In a further position paper published in an Elsevier journalS’ouvre dans une nouvelle fenêtre we argue that, as the publishing industry has globalized and “Englishized”, authors now write up their research for a global heterogenous academic audience, where academics who use English as a lingua franca are now in the majority. Our review and editorial processes, therefore, must strive to be inclusive of this global authorship and international readership, and be reflective of the 21st century reality of English as a truly global research language.

How can we achieve this? First, journals might need to critically evaluate their author guidelines for any discriminatory content which might discourage submissions from a heterogenous authorship. For example, in the journal SystemS’ouvre dans une nouvelle fenêtre, the Editors-in-Chief petitioned to change the author guidelines to remove mention of “native-checks” and marketing that specifically targeted “non-native” speakers to more impartially state: “The journal accepts work written in the English language. Authors who feel their English language manuscript may require editing to eliminate possible grammatical or spelling errors may wish to use the English Language Editing service available from Elsevier's WebShop.”

Other journals such as the Journal of Cardiology of the YoungS’ouvre dans une nouvelle fenêtre, go further in their inclusive stance, writing:

The language of the Journal is English, but acceptance of a manuscript will reflect scientific rather than grammatical content. The editors undertake to facilitate the publication of papers from those authors whose native language is not English.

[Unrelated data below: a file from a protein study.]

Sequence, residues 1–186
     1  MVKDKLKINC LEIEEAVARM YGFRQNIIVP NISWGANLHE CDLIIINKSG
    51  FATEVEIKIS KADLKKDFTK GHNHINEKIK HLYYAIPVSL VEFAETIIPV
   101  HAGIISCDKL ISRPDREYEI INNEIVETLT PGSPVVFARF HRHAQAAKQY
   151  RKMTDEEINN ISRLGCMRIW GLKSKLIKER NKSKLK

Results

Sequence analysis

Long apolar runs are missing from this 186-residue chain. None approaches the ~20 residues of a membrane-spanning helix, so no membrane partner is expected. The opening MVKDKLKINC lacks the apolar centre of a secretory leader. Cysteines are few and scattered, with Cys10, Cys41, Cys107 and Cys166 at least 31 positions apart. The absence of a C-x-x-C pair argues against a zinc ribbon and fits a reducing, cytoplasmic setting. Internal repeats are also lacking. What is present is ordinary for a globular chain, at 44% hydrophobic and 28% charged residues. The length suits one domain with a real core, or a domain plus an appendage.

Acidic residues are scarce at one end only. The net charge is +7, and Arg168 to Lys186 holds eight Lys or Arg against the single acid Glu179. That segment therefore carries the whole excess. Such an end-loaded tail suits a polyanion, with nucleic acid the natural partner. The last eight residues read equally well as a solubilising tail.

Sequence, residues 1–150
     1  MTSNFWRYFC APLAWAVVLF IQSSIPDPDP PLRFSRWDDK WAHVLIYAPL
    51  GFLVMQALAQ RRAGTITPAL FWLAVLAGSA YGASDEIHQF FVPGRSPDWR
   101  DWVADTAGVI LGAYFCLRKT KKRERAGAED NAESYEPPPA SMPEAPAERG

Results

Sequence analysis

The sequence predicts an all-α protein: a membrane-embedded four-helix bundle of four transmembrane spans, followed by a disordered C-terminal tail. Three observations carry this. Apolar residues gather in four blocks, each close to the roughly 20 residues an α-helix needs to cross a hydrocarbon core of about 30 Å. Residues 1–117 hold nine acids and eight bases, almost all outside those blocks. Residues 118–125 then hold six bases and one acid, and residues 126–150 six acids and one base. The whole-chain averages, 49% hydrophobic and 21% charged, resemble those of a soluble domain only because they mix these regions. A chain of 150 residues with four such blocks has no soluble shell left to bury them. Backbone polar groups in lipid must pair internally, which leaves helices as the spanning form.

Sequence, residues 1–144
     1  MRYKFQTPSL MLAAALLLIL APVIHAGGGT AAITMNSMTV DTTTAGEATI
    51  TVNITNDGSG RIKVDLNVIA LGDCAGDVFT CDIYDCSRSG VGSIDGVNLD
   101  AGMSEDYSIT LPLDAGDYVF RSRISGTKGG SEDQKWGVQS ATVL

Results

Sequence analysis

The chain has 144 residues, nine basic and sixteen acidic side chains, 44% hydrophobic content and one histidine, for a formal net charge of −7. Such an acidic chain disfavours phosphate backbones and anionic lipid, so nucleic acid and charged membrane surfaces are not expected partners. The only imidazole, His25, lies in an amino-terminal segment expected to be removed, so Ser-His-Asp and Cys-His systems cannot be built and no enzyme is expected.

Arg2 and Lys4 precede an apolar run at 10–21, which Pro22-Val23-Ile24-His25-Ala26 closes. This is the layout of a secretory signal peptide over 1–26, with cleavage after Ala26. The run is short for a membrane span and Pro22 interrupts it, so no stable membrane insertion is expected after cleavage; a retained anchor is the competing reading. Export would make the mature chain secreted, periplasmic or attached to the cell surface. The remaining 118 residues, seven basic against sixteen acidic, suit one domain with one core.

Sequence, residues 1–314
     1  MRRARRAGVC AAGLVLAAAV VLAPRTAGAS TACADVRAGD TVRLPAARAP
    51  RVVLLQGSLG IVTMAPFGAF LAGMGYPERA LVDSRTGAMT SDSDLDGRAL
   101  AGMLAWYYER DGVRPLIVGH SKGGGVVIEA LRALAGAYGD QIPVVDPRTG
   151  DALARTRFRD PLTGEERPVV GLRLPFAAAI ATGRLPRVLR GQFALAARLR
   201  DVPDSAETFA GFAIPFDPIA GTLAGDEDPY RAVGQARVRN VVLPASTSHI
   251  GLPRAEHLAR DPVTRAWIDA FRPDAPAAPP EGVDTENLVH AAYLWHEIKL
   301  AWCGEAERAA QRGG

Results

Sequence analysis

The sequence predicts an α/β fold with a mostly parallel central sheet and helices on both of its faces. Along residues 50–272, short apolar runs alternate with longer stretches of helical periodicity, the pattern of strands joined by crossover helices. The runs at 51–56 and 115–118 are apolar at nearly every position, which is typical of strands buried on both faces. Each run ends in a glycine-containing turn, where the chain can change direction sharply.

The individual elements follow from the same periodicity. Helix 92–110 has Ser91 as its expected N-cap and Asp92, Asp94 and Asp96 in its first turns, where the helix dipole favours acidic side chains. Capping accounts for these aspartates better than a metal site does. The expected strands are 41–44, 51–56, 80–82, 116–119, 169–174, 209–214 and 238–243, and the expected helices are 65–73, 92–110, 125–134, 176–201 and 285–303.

Second, although there is evidence of some flexibility, journal editors may need to develop more tolerance for non-standard uses of English (e.g., “researches” and “evidences” as the plural forms of research and evidence – “many researches” appears in more than 56,000 Elsevier papers and “several evidences” in more than 5,500; the use of the preposition “of” either in place of “for”, such as “responsible of” – found in about 173,000 Elsevier papers, or superfluously, such as “despite of” – found in about 278,000 Elsevier journal articles) when reviewing texts at the first stage of submission.

Third, editors could provide clearer guidelines to reviewers to ensure they are focusing on academic merit rather than language when evaluating a script. Fourth, journal publishers could develop better ways to support multilingual writers. The selling of editing services, such as that mentioned above, comes at a substantive cost to writers and has no guarantee to greater acceptance by the journal. And arguably, the heavier the copyediting is, the more the substance of the original manuscript might be lost. Such editing services, or alternatives to services such as peer editing, which should be minimal, may be better signposted once a (conditional) accept decision has been reached in the peer-review process, and the academic merit of a paper has been judged as sound.

Calls for greater global inclusivity of authors have been around for decades, although real change is slow. Following trends of internationalization in academic publishing and the further predictions of a rise in the number of speakers of English as a lingua franca, we can predict that stakeholders engaging in academic English will continue to become broader and more global in profile. Editors and reviewers, as important gatekeepers of research, play a vital role in reducing English language-related barriers to scientific publishing to ensure our research output is equally global in profile.


Jim McKinley


Jim McKinley

University College London

Heath Rose


Heath Rose

The University of Oxford